The Atlantic magazine has a racket with the Google news team. The mag fills up its blogs with the most intelligence-insulting drivel it can push onto the web at network speed. And Google, taking some cash money bribe, immediately posts the material as “featured” material, guaranteeing views.
In this way we are given the short idiot ramble of one Nicola Twilley, someone who writes for the publication, featured in a magazine sponsored video musing that someday we might be able to end hunger by eating twigs. This as part of a special series called “The Future of X”.
“We Could Use Bacteria to Feed the Starving” read the title on Google. And it was reasonably interesting, as a teaser.
But when you went to it, this is what you got — some callow young girl without a science education or even much indication she really was interested in knowing anything about such, saying:
[We] could spray out bacteria in a dust … We could expand what we’re able to digest — maybe we’re inhaling bacteria that help us digest foods that are not currently digestible … Rather than growing more food to feed more people, maybe what we say is, ‘you know what? We can actually chew on a twig instead.
It’s the equivalent of spam blogging by and for The Atlantic.
If you search Twilley’s blog or her writings you will find nothing to show the vaguest interest in basic science. Which is what one needs a bit of to not come off as a smiling ninny going on about eating twigs.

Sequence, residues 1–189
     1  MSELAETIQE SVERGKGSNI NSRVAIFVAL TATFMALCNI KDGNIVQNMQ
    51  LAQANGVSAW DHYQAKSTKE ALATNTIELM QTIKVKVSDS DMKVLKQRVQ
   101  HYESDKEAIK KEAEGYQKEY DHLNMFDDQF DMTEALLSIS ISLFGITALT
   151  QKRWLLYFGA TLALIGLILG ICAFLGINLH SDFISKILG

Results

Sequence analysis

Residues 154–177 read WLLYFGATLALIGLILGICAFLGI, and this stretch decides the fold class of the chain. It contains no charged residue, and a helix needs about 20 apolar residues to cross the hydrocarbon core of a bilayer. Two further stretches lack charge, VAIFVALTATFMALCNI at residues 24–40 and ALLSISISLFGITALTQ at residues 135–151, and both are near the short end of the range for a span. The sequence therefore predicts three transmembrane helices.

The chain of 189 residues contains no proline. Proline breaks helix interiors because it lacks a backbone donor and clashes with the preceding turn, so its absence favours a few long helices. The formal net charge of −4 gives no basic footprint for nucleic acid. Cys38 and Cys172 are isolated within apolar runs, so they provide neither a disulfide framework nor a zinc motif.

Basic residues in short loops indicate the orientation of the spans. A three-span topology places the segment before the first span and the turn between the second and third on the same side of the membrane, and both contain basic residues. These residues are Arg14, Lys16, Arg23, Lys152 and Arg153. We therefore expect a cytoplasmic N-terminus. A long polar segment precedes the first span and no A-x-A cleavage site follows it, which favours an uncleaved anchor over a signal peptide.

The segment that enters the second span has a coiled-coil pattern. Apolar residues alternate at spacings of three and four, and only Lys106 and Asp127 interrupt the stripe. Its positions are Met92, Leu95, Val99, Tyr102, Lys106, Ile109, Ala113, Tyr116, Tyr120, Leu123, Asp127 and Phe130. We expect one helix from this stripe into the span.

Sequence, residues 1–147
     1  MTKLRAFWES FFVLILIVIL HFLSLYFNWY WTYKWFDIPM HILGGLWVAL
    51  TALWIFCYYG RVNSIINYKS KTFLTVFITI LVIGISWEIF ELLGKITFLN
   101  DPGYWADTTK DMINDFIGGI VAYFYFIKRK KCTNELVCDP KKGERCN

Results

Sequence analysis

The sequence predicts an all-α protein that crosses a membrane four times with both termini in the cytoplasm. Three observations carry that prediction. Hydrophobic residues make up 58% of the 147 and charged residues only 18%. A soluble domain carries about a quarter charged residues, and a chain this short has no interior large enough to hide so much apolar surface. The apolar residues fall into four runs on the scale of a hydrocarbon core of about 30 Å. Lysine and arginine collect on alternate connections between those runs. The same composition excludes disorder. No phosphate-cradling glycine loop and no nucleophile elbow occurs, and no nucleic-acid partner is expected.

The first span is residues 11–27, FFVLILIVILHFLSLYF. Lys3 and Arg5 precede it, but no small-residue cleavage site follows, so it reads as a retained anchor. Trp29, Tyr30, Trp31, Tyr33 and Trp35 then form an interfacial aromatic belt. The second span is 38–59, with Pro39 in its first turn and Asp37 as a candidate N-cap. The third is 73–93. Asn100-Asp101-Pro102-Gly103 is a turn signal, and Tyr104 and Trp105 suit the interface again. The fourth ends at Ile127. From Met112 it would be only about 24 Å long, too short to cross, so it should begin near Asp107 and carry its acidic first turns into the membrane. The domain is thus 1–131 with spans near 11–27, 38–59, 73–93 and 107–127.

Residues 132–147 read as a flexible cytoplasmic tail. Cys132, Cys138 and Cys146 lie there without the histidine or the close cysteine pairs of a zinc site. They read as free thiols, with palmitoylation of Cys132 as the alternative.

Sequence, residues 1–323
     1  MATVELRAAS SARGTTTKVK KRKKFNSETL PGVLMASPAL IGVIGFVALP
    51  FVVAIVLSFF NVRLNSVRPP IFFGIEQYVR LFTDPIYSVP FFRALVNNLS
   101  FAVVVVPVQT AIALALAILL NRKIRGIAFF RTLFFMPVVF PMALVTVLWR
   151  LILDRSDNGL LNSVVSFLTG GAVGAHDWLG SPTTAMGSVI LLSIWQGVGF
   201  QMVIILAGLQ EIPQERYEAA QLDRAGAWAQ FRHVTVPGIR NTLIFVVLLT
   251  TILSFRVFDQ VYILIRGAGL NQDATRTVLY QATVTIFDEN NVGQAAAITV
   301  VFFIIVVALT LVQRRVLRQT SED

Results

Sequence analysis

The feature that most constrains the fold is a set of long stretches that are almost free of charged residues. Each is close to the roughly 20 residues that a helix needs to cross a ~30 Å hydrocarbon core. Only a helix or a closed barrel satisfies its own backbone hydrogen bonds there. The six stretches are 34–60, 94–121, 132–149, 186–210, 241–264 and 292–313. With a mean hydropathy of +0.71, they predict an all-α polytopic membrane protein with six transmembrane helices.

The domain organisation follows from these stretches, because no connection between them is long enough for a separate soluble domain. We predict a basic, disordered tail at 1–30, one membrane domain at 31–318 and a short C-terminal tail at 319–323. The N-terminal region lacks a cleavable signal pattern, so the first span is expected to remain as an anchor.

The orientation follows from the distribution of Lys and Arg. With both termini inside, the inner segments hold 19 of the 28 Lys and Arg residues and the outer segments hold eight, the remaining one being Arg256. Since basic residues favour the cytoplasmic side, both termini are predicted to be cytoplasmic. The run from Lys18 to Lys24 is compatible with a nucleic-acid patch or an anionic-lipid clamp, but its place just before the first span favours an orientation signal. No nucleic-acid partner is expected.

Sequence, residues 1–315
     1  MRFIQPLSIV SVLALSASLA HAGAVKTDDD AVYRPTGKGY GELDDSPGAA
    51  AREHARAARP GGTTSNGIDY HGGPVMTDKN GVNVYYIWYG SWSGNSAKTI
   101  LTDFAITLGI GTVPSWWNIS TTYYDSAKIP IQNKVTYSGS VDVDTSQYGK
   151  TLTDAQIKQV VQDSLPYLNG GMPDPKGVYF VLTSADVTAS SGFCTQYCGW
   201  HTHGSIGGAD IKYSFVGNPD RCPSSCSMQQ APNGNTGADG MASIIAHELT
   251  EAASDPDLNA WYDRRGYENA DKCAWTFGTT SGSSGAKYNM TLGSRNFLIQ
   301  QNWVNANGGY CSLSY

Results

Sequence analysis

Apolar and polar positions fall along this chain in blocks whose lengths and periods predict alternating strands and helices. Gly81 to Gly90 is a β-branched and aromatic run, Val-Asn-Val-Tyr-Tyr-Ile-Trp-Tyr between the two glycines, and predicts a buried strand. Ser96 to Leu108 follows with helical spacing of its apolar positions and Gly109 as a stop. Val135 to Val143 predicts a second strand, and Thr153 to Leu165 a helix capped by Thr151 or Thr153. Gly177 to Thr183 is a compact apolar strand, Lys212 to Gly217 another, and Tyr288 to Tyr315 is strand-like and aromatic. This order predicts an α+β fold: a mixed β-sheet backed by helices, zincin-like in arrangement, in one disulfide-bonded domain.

This is what makes The Atlantic so mercilessly bad. Its editors defiantly and rather proudly publish the musings of the most senseless and therefore fit for the job on such subjects. As with its relentless pummeling of the Higgs Boson story.
This would not be so bad if it were just some run of the mill blog or delivered as some random nerd’s home video series on YouTube.
But no-o-o-o-o, that’s not the casel. The magazine, in conjunction with the giant of search, shoves this material daily onto the featured spaces of Google’s news tab. It is the worst kind of whoring for eyeballs. Indeed, if Google actually applied its own “guidelines for content developers” for not peddling SEO-tricked up trash to itself and The Atlantic, much of the latter’s blogs would be marginalized off the web.
As for a future of eating twigs after being seeded with unique microbial flora by city municipal services, one would no more spend time arguing down Twilley than one would have a dialogue with a can of paint.
Nicola Twilley, what made you think human beings are just like, uh, ruminants or termites? Not a trick question. Mother Nature took a long time to make them that way.
The “eat twigs” thing at the Atlantic.
A Google editors’ pick.
“Got paper?” asks Nicola Twilley.